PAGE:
Monday reads: Virginia Woolf punk'd the Royal Navy and more
In 1910, Virginia Woolf and her friends pretended to be "Abyssinian princes" and their British guides, convincing the Royal Navy to give them access to the battleship Dreadnought, flagship of the home fleet. They were given a tour and feted with a band and salute from the crew. "Even Woolf's cousin, one of the naval officers on board the ship, failed to recognise the author," writes the Guardian. Understandable: She was in face paint and a false beard.
In Sunday's paper, David L. Ulin reviewed Nathan Englander's new collection of stories, "What We Talk About When We Talk About Anne Frank," finding it "accomplished." It's illustrated, in part, in the video above. The magazine Electric Literature took a single sentence from the story "The Reader" and had it animated by Drew Christie (video above).
Art and story intersect on a new blog announced Monday, the Chimerist. It's by Maud Newton and Salon's Laura Miller, two Internet-veteran readers obsessed with both books and their iPads. They'll be exploring the best of storytelling on the iPad, and are inviting screenshots and app codes. Send 'em if you've got 'em.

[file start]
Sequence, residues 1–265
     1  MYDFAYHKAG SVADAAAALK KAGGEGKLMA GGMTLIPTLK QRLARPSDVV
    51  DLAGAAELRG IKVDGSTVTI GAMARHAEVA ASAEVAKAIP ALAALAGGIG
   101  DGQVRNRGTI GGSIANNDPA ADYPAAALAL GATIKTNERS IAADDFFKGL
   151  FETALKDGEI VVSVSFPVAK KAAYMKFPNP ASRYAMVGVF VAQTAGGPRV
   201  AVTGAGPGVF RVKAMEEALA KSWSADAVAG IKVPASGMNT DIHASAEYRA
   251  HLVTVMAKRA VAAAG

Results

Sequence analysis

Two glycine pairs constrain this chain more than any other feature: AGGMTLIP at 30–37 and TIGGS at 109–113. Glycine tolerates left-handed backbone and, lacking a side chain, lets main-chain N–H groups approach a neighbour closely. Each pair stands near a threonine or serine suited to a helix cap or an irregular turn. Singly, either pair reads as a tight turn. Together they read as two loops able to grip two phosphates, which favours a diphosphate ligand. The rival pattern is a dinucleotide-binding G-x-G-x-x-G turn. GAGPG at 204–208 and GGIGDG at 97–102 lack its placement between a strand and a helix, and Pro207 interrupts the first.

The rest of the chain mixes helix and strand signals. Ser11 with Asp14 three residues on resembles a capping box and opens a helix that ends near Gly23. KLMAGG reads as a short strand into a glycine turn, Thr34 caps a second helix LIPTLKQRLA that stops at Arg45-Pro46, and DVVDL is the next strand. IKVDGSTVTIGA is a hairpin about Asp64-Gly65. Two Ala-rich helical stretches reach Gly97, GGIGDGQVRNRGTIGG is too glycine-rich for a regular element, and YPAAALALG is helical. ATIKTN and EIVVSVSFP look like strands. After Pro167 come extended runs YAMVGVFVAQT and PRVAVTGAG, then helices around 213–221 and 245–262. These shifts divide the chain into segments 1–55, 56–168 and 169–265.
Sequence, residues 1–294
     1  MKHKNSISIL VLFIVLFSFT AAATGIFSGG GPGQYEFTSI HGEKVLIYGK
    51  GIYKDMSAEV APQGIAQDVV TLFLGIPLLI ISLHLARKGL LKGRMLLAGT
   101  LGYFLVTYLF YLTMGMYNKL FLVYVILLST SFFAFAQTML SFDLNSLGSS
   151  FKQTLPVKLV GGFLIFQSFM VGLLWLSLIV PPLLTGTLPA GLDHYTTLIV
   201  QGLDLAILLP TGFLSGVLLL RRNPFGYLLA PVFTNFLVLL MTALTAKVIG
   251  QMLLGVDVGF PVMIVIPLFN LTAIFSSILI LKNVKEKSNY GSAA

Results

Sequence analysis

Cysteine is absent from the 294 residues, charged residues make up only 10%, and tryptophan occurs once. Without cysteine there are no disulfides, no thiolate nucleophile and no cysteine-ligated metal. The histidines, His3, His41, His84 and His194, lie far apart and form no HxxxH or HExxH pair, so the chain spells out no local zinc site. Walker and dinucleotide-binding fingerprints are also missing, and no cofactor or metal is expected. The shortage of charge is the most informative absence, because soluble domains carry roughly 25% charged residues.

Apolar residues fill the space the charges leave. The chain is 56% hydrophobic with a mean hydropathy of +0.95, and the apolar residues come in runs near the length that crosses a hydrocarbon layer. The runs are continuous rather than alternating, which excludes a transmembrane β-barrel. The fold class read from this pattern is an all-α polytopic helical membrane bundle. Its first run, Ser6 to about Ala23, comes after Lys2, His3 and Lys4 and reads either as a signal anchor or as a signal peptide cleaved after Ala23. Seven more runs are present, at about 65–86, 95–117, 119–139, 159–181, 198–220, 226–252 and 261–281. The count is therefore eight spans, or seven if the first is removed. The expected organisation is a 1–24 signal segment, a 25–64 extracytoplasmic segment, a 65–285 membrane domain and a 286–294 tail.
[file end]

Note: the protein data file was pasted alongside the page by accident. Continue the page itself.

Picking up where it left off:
You won't need a download code to get "Why American Newspapers Gave Away the Future." The longform article examines the issue of newspapers offering online content for free; it's by Richard Tofel, managing editor of ProPublica, and will be available Feb. 8-15 for free for the iPad (irony included). Afterward, it will be available from most e-tailers for $1.99. It's from Now & Then Reader, the latest content creator to jump in the longform sandbox with the likes of the Atavist, Byliner and Grantland.
Like Barnes & Noble, the bookstore chain Books-A-Million will not stock titles from Amazon Publishing, it has told Publishers Weekly. After the demise of Borders, Books-A-Million became the nation's second-largest brick-and-mortar bookstore chain, with more than 200 stores in 31 states and the District of Columbia.
-- Carolyn Kellogg